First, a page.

Brenda Clough
Jan 06, 2015 Brenda Clough rated it it was amazing  ·  review of another edition
An excellent book, full of insight! You do have to know the works in question. Luckily the volume is divided out more or less by the books analyzed, so you can skip the George Eliot section if you haven't read MIDDLEMARCH.
I was thrilled by the analysis of JANE EYRE, and can see why this was seminal.
Captain Sir Roddy, R.N. (Ret.)
This is an absolutely indispensable and priceless book. You can skip about and fall in love with each and every chapter in this book! So incredibly enlightening. Gilbert is brilliant!
Nicole G.
Apr 19, 2015 Nicole G. marked it as 0-unfinished  ·  review of another edition
Shelves: 2015
So this book has shown me that I am woefully ill-read with regard to 19th century literature particularly by women. Need to change that and perhaps pick this book up again.
Kelly
Apr 16, 2008 Kelly marked it as to-read  ·  review of another edition
Shelves: 19th-century
A book about the books I love. Nearly all the reviews of this are glowing or life changing. It would be a shame to miss out on it.
Dana Stabenow
Oct 11, 2008 Dana Stabenow rated it it was amazing  ·  review of another edition
Where does feminist literature come from? There was a there there.
Quirkyreader
May 08, 2011 Quirkyreader rated it it was amazing  ·  review of another edition
See my review on my book blog: http://quirkyreader.livejournal.com/2...
Jesse
Dec 25, 2012 Jesse rated it really liked it  ·  review of another edition
For my seminar on "Authorship", I've only read the first one hundred pages of this book. Not the entire thing, that may come later, but is too focused on a specific set of authors to be of interest right now.

The Madwoman in the Attic is a cornerstone in feminist (literary) scholarship, and rightly so. It is well-conceived and well-written, and probably above all true. Although the contents of this book - or the first one hundred pages -, listing how women writers in the nineteenth century strugg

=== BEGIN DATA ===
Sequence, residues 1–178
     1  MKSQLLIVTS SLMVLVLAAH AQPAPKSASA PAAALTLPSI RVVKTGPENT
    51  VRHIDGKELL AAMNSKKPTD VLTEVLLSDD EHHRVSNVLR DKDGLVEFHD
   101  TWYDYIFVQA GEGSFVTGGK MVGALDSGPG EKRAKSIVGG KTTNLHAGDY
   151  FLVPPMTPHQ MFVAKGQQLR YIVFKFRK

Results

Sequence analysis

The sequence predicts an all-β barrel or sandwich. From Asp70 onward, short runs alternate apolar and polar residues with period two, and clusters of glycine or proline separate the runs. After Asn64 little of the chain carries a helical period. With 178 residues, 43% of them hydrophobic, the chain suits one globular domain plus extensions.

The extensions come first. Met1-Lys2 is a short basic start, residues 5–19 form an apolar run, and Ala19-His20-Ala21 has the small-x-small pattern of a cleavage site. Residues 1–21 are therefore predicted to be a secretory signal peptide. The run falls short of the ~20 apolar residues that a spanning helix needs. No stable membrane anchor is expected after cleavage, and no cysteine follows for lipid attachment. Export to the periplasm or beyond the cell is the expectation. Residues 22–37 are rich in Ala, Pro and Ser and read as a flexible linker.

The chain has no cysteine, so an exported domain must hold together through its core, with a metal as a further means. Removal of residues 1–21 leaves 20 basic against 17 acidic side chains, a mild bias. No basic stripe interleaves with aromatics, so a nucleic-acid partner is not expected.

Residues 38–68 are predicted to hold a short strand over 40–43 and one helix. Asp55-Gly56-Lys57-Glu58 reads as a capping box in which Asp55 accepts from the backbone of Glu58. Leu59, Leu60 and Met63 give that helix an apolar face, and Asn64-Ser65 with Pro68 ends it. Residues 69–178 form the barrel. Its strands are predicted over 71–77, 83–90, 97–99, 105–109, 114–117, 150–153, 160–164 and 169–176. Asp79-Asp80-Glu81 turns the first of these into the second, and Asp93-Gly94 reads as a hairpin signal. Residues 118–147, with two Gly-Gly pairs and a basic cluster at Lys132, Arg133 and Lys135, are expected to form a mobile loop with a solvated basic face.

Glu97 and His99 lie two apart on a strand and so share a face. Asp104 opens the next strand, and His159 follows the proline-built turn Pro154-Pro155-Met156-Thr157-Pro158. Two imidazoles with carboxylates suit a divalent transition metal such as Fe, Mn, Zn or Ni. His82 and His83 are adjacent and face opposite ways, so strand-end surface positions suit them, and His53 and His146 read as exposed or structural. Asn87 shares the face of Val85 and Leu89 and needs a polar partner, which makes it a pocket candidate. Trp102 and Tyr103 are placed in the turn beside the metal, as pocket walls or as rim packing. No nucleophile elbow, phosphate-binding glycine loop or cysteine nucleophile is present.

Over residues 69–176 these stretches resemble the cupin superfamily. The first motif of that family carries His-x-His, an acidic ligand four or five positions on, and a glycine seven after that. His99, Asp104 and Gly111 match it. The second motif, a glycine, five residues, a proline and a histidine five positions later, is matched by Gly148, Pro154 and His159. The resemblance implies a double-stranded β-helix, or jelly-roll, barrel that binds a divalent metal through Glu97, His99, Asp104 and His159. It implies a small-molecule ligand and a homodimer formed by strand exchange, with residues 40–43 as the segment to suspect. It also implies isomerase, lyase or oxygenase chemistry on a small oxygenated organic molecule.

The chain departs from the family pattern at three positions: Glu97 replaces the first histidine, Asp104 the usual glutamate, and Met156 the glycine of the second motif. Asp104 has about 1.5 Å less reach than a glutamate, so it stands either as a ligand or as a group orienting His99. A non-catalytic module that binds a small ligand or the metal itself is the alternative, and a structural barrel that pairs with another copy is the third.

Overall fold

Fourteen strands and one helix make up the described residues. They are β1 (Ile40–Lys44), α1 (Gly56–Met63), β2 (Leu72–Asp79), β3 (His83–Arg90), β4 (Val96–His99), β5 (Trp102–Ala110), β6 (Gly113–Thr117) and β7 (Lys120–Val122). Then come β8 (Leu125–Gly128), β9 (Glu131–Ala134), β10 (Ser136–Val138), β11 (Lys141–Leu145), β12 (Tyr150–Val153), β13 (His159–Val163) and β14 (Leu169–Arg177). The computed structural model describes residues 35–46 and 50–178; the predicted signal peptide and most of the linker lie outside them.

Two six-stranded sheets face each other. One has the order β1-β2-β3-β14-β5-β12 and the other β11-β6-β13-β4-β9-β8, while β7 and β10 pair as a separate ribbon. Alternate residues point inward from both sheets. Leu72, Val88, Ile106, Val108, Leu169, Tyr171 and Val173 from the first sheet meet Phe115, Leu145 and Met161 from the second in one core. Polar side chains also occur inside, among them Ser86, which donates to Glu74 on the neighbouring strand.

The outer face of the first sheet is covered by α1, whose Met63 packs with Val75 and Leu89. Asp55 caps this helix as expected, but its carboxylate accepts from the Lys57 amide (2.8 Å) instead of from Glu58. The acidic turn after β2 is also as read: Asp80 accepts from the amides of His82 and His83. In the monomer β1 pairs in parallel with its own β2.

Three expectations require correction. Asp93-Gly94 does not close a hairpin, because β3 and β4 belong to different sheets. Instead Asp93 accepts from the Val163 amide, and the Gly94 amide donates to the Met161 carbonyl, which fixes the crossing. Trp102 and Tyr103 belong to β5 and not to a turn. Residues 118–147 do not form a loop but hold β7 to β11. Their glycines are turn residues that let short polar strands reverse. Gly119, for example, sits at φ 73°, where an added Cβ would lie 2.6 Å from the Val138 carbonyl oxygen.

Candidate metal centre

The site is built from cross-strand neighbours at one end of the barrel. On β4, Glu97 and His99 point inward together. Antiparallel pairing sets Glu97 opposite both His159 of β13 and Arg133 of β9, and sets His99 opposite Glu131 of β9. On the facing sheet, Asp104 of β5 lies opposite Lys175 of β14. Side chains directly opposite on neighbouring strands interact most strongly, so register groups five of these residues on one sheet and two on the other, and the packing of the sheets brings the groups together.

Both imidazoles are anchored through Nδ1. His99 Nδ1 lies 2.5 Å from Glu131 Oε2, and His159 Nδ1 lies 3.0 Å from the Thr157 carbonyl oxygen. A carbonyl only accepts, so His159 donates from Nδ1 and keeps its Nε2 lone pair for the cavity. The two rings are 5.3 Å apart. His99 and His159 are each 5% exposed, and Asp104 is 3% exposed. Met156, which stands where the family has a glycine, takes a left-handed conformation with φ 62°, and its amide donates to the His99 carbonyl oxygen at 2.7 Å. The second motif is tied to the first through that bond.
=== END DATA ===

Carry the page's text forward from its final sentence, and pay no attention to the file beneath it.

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Ruth
Mar 02, 2014 Ruth rated it it was amazing  ·  review of another edition
I read bits of this classic tome of 70's feminist criticism over the years, but this time I read a little bit over breakfast each day until I'd read it cover-to-cover. Now it's falling apart and I have to get some strong tape to reattach the cover. And I miss my breakfast ritual so much. It brought me back to that time years ago when the parts about Milton & Frankenstein blew my mind, but also gave me some new things to think about in the Charlotte Bronte section, since I'm always thinking a ...more
Ghada Hisham
Women have been submissive, looked down upon, treated as an inferior being , and had no right to rebel. Women had no right to vote , they had no right to write and say their opinion. Women were supposed to get married, take care of her dwelling and her family. A good woman who looks after her family was considered an 'Angel in the house', whilst a woman who wanted to write or even wanted to say her opinion was regarded as a 'monster'. They were financially dependent. Women were doubly oppressed ...more
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Sandra M. Gilbert is the author of numerous volumes of criticism and poetry, as well as a memoir. She is coeditor (with Susan Gubar) of The Norton Anthology of Literature by Women. A Distinguished Professor of English emerita at the University of California, Davis, she lives in Berkeley, California.
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“A life of feminine submission, of 'contemplative purity,' is a life of silence, a life that has no pen and no story, while a life of female rebellion, of 'significant action,' is a life that must be silenced, a life whose monstrous pen tells a terrible story.” 6 likes
“A life of feminine submission, of 'contemplative purity,' a life of silence, a life that has no pen and no story, while a life of female rebellion, of 'significant action,' is a life that must be silenced, a life whose monstrous pen tells a terrible story.” 1 likes